"interesting" according to catclan. very interesting read. nice size book and great information. Thank you. "A Must Read for Animal Rights Advocates" according to D_shrink. The author does a good job of presenting a fairly balanced description of what constitutes animal abuse, who does it, and why they do it.Among the relevant points presented are:1. "[W]orkers in animal laboratories or slaughterhouses, for example, are thought to undergo desensitization as a coping mechanism." P82. "[SPCA] agents think of professionalism as an ability to maintain emotional distance form cases." PA Must Read for Animal Rights Advocates D_shrink The author does a good job of presenting a fairly balanced description of what constitutes animal abuse, who does it, and why they do it.Among the relevant points presented are:1. "[W]orkers in animal laboratories or slaughterhouses, for example, are thought to undergo desensitization as a coping mechanism." P82. "[SPCA] agents think of professionalism as an ability to maintain emotional distance form cases." P433. Adolescents who engage in. A Must Read for Animal Rights Advocates The author does a good job of presenting a fairly balanced description of what constitutes animal abuse, who does it, and why they do it.Among the relevant points presented are:1. "[W]orkers in animal laboratories or slaughterhouses, for example, are thought to undergo desensitization as a coping mechanism." P82. "[SPCA] agents think of professionalism as an ability to maintain emotional distance form cases." PA Must Read for Animal Rights Advocates D_shrink The author does a good job of presenting a fairly balanced description of what constitutes animal abuse, who does it, and why they do it.Among the relevant points presented are:1. "[W]orkers in animal laboratories or slaughterhouses, for example, are thought to undergo desensitization as a coping mechanism." P82. "[SPCA] agents think of professionalism as an ability to maintain emotional distance form cases." P433. Adolescents who engage in. 33. Adolescents who engage in. A Must Read for Animal Rights Advocates The author does a good job of presenting a fairly balanced description of what constitutes animal abuse, who does it, and why they do it.Among the relevant points presented are:1. "[W]orkers in animal laboratories or slaughterhouses, for example, are thought to undergo desensitization as a coping mechanism." P82. "[SPCA] agents think of professionalism as an ability to maintain emotional distance form cases." PA Must Read for Animal Rights Advocates D_shrink The author does a good job of presenting a fairly balanced description of what constitutes animal abuse, who does it, and why they do it.Among the relevant points presented are:1. "[W]orkers in animal laboratories or slaughterhouses, for example, are thought to undergo desensitization as a coping mechanism." P82. "[SPCA] agents think of professionalism as an ability to maintain emotional distance form cases." P433. Adolescents who engage in. 33. Adolescents who engage in. . Adolescents who engage in. lngarrison said Great background about animal shelter workers. I was doing a research paper on animal shelters and while trying to understand the euthanasia debate, Arluke gave great unbaised research especially about the choices animal shelter workers must make when working at an open admissions shelter.Although extremely informative, it should be updated (i.e., Utah is not an entire state of 'no kill' policies, although it is striving to do so).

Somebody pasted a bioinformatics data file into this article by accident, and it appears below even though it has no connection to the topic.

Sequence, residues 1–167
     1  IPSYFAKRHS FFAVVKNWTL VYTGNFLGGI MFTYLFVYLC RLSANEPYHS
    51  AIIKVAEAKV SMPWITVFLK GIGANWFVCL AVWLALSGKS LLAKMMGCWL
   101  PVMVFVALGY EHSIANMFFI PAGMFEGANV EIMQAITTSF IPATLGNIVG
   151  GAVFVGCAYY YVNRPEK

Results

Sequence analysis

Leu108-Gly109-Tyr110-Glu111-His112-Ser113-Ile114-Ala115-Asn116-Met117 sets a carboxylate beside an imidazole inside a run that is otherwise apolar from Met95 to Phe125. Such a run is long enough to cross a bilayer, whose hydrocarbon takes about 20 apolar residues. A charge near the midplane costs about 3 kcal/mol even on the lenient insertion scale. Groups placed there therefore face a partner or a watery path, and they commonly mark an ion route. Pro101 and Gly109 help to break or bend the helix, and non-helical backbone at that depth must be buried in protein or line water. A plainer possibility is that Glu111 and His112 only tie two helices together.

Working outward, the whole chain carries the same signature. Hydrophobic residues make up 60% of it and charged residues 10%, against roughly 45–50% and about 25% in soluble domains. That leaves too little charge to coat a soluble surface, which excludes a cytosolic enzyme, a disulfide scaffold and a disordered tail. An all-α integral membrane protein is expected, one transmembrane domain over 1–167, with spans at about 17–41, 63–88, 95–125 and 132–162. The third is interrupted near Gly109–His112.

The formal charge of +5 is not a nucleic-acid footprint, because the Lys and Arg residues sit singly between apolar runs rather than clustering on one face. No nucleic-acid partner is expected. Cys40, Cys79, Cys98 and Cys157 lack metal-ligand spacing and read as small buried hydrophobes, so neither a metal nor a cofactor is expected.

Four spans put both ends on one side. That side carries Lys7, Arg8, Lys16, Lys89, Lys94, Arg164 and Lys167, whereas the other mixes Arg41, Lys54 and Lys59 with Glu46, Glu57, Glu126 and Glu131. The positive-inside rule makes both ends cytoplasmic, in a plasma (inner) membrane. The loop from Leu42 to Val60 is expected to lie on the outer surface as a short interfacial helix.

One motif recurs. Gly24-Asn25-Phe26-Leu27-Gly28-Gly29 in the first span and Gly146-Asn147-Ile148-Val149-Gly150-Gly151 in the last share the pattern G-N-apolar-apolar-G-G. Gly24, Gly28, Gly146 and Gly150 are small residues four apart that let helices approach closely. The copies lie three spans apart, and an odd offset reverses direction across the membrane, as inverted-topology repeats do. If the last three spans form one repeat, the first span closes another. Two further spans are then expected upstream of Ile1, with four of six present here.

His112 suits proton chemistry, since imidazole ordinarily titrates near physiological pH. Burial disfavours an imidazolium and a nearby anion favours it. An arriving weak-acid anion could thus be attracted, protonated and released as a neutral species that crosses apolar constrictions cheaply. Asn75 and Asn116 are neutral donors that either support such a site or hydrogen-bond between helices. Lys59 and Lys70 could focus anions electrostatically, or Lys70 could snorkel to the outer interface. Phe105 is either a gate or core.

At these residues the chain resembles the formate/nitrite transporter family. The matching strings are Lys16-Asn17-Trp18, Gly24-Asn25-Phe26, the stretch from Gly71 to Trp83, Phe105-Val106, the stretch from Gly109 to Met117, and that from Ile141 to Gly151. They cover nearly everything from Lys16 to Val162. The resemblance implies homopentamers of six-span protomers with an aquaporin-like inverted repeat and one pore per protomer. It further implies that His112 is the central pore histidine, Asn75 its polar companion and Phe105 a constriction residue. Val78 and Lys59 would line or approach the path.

But Arluke's academic approach and language are off-putting, thwarting his objective of stimulating discussion and debate among the general public about the nature of animal cruelty and the importance of finding new ways to deal with it. (July)Copyright © Reed Business Information, a division of Reed Elsevier Inc. In this dense and overly long sociological study, he reports on the results of interviews with five groups of people: law enforcement agents who investigate incidents of abuse, adolescent animal abusers, animal hoarders, animal shelter workers (including those who must sometimes euthanize animals as well as those who believe no animal should ever be killed) and public relations experts who use animal cruelty as a marketing tool for fund-raising and education. . From Publishers Weekly Arluke (Regarding Animals), an authority on animal cruelty, believes that in order to formulate effective programs and policies to combat such behavior, society must have a

In each case, cruelty's meaning reflects the practical, personal, and ideological concerns of these groups and the wider social and cultural confusion over the nature and significance of animals and their proper treatment. In Just a Dog, Arnold Arluke argues that animal cruelty must be understood in terms of social relationships rather than an individual's psychological problem or personality disorder. Arluke situates cruelty in actual situations where groups of people decide, on their own terms, what constitutes the wrongful harm of animals and how best to communicate their understanding to others. He captures how law enforcement agents, shelter workers, humane marketers, the general public, and animal abusers (or neglecters), make sense of animal cruelty. He shows that these divergent definitions are not mere reflections of the social world but are actively created and used by group members to achieve sought-after identities.